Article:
Le cinéma épinglé


In yesterday’s mail, the DVD collection of Alexandre Alexeieff and Claire Parker’s animated films. I ordered this after watching the Norman McLaren film about the operation of the pinscreen, not realising that the same documentary is included here, together with a shorter film from 1960 that shows the pair creating still illustrations for an edition of Dr Zhivago. In addition to five pinscreen films by the couple there’s also Mindscape (1976) by another pinscreen animator, Jacques Drouin, together with two reels of technical experiments.


Most surprising of all is a lengthy collection of Alexeieff’s advertising films from the 1930s. These were made for French products such as Evian water, Renault cars and Gauloises cigarettes, with all of them photographed in a pre-Technicolor single-strip process, Gasparcolor, whose limitations made it difficult to use for live action but ideal for animation. The films are also surprising for being much more traditional animations of physical objects, there’s even a puppet adaptation of Sleeping Beauty. In the notes Alexeieff says:

We were the first to make colour films (Gasparcolor) in France, and immediately obtained a reputation for quality on the market. We established, I believe I am justified in saying, a class of films without precedent in this domain, and for which a certain number of progressive and powerful advertisers were ready to pay more and more… We made ourselves the champions of three-dimensional object animation. Into such one or two minutes film we decided to introduce, if only in one of its sequences, some sort of experiment, and never hesitated to invest time or money in inventions because an advertising film must strike by the novelty of its form.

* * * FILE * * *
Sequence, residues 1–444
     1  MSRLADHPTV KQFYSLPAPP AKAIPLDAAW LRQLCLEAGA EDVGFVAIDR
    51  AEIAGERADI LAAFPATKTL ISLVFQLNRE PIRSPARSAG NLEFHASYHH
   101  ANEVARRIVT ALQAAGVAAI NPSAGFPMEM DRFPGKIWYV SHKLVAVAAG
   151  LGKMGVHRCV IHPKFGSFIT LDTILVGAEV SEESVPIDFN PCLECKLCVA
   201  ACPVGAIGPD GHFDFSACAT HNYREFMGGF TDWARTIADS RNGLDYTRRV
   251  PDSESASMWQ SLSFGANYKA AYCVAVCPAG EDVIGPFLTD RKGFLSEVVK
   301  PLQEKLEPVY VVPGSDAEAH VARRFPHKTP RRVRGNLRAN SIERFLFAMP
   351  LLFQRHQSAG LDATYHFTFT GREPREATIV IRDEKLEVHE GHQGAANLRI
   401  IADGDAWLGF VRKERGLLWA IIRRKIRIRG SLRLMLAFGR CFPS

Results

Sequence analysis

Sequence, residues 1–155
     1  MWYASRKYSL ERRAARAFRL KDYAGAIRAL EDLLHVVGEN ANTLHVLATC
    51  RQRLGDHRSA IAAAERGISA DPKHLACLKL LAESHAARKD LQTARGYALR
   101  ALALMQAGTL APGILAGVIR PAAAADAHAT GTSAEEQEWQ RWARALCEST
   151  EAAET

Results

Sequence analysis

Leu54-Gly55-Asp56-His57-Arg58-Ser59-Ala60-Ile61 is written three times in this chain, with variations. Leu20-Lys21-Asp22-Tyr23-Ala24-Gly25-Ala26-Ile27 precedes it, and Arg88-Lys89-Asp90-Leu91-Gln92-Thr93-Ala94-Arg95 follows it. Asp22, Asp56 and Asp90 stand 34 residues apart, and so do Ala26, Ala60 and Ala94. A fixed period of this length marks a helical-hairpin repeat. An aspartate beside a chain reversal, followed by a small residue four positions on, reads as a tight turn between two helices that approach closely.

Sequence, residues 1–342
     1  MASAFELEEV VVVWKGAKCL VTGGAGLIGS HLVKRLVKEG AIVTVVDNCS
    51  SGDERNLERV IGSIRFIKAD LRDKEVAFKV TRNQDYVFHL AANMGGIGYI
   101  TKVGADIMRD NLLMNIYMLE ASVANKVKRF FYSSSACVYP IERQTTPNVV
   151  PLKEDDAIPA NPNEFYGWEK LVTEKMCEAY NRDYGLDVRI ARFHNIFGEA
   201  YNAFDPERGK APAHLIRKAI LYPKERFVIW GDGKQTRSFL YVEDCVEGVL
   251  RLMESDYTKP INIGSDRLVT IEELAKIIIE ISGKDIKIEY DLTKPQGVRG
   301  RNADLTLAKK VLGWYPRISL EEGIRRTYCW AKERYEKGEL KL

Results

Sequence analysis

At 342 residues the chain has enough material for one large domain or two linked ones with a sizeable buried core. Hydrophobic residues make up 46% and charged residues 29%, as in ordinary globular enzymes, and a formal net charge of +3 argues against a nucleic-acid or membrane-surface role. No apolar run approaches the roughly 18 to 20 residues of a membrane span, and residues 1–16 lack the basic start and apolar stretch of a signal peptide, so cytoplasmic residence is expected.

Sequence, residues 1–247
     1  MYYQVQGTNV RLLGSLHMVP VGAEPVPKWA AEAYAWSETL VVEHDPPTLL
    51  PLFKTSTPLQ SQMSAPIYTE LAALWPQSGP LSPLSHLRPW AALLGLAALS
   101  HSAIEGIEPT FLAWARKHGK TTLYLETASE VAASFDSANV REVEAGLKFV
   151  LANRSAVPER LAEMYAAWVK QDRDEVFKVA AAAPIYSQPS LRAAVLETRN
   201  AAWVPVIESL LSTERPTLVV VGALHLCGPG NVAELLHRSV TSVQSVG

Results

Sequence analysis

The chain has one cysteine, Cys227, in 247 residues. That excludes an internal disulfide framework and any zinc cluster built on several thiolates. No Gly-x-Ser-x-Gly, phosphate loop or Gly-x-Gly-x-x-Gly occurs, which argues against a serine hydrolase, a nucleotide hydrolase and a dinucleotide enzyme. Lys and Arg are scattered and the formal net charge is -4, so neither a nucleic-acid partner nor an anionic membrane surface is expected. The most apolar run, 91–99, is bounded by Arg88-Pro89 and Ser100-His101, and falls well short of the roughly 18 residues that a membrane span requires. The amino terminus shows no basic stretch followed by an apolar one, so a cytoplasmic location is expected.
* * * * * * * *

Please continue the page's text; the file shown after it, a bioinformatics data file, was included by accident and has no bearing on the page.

The use of light and colour is indeed striking, especially when seen beside the monochrome pinscreen films, while some of the hazy, prismatic light effects are precursors of similar imagery being produced decades later by people like Jordan Belson. Alexeieff was too old to contribute to the psychedelic avant-garde but I wonder what he might have achieved if he’d been a generation younger.

Previously on { feuilleton }
Animating the pinscreen
The pinscreen works of Alexandre Alexeieff & Claire Parker
The Nose, a film by Alexandre Alexeieff & Claire Parker
Alexandre Alexeieff and Claire Parker

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